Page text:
Dec29

A Tribute to Ralph Baer

Posted by Kelly Kirkham

Whether you enjoy First Person Shooter or Real Time Strategy, let’s all take a moment to pay tribute to the pioneer of video games, Ralph Baer.

I find game design fascinating; it is a new way to make art work.” – Ralph Baer

The man known as the “Father of Video Games” passed away on December 6th 2014 at the age of 92 in Manchester, New Hampshire. Ralph Baer left behind a legacy so ingenious that it simply must be discussed and enjoyed. Rarely do we have the opportunity to celebrate the achievements of a good old-fashioned inventor, similar to the ones we dreamt of being as children.

Baer’s lifetime was full of many achievements despite his humble beginnings. Rudolph Heinrich “Ralph” Baer was born in Germany in 1922, and later fled war movements in 1938 when he and his family moved to New York City. Baer then enrolled in correspondence courses with the National Radio Institute to earn a degree as a radio service technician. Later Baer also received a degree in television engineering from the American Television Institute of Technology in Chicago.

In Baer’s life time he registered over 150 US and foreign patents for his innovations, although he is best known for his contributions to the video game industry. His first commercial  invention was conceived while waiting for a friend at a bus terminal in New York City in 1967. Baer had thought of a way to create an responsive multiplayer game to be connected to an average television set. Baer took the idea to his colleagues at Sanders Associates, Inc. to develop a prototype.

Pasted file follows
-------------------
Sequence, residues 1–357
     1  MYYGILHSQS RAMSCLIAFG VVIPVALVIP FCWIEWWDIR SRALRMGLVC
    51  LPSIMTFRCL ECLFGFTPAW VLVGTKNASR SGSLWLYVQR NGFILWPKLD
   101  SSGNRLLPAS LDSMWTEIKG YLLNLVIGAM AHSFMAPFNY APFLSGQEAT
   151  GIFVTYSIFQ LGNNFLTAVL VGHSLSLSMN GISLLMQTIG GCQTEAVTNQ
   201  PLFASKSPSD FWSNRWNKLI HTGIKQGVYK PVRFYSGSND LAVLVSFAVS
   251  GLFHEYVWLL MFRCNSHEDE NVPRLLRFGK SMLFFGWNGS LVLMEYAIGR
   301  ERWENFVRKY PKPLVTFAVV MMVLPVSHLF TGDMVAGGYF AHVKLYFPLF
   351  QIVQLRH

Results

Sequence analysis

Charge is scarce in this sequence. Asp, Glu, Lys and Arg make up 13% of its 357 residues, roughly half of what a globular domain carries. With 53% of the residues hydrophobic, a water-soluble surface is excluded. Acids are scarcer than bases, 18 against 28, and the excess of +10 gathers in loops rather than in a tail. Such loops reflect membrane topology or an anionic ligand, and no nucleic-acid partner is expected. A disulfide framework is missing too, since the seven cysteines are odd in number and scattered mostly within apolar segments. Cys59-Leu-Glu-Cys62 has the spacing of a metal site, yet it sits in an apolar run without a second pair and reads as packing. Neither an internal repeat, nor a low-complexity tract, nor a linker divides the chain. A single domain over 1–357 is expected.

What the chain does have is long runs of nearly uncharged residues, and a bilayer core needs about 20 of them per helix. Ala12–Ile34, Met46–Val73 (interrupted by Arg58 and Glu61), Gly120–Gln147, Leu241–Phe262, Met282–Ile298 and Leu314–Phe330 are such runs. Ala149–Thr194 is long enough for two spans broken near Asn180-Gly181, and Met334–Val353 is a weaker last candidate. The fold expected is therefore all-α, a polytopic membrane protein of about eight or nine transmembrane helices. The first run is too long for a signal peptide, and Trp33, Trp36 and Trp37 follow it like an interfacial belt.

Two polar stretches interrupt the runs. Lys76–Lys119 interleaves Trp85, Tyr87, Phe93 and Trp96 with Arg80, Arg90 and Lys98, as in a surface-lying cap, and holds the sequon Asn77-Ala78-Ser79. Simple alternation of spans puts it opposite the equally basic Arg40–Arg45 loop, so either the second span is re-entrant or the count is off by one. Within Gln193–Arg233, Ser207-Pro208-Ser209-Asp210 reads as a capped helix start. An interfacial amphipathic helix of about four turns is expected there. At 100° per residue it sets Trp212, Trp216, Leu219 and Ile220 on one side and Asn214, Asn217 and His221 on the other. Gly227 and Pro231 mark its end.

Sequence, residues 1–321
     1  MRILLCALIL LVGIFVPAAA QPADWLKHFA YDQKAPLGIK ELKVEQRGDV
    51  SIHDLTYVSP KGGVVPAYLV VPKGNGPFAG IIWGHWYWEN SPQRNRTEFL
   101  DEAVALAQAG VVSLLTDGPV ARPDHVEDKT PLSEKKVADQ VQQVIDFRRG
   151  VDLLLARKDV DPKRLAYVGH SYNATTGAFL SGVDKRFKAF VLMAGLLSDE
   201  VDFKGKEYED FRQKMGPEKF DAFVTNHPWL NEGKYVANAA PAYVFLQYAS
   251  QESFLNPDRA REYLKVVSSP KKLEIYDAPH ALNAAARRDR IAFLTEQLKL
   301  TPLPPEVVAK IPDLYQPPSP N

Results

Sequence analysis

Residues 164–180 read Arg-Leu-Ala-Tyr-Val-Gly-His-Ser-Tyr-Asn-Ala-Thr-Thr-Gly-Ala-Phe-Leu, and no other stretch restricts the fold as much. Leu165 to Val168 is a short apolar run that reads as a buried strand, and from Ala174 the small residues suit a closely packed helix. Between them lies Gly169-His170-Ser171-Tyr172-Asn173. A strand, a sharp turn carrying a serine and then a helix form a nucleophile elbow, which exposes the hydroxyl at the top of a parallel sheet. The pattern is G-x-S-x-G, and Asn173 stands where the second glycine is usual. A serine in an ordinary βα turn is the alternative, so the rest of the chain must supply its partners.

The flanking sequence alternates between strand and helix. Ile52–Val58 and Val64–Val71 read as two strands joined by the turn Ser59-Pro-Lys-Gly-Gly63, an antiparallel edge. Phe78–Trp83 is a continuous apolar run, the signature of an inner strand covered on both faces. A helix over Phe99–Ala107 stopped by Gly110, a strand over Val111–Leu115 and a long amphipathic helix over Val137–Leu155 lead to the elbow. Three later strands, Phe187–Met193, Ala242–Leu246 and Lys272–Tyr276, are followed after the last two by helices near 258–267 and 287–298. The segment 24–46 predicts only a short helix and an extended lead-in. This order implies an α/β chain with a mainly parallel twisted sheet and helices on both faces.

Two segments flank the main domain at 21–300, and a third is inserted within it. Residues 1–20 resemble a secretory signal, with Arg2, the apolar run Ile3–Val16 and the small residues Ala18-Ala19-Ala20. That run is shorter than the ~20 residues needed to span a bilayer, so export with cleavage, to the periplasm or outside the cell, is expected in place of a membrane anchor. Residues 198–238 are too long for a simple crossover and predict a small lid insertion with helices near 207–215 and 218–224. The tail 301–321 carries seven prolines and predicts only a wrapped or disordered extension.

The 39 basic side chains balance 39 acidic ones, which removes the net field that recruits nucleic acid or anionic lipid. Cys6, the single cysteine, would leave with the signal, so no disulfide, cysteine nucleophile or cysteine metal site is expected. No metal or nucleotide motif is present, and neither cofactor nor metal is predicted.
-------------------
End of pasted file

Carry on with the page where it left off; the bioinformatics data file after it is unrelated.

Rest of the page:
Ralph_baer_brown_box_prototype

Baer called his invention the “Brown Box”, and six years later it came to be known as “The Odyssey” by Magnavox. The device became a huge success, selling over 350 thousand units by 1974. This began the initial wave of television game consoles which later led to the Atari, Nintendo and Sega electronic games.

The National Museum of American History explains “the “Brown Box” could be programmed to play a variety of games by flipping the switches along the front of the unit […]. Program cards were used to show which switches needed to be set for specific games.” Unlike modern consoles, all featured games were included with the original $100 purchase.

Although Baer’s invention was not the first video game idea (there had been other prototypes in years previous to this) it was the first console to feature 12 different games including Ping-Pong – a precursor to the Atari version. His invention allowed people to enjoy electronic games in the comfort of their own home. Baer once told the press, “The minute we played ping-pong, we knew we had a product. Before that we weren’t too sure.”

Baer continued to invent products that were sold to various companies. A better-known example is the Milton Bradley memory games, OriginalSimonSimon in 1978 and Super Simon in 1979. The Simon games were immensely popular in the 1990’s. A lesser-known game is Manic, which also featured the memory concept and was considered much harder to play. Along with games, Baer also issued patents for electronic greeting cards and tracking systems for submarines. Ralph Baer certainly exemplified every sense of the word ‘inventor’, and will surely be missed.

So the next time you’re sitting on the couch with your controller in hand, think happy thoughts about Ralph Baer. Without the progress he made with his inventions we might never have experienced the thrill of finally saving Princess Zelda or defeating Bowser.

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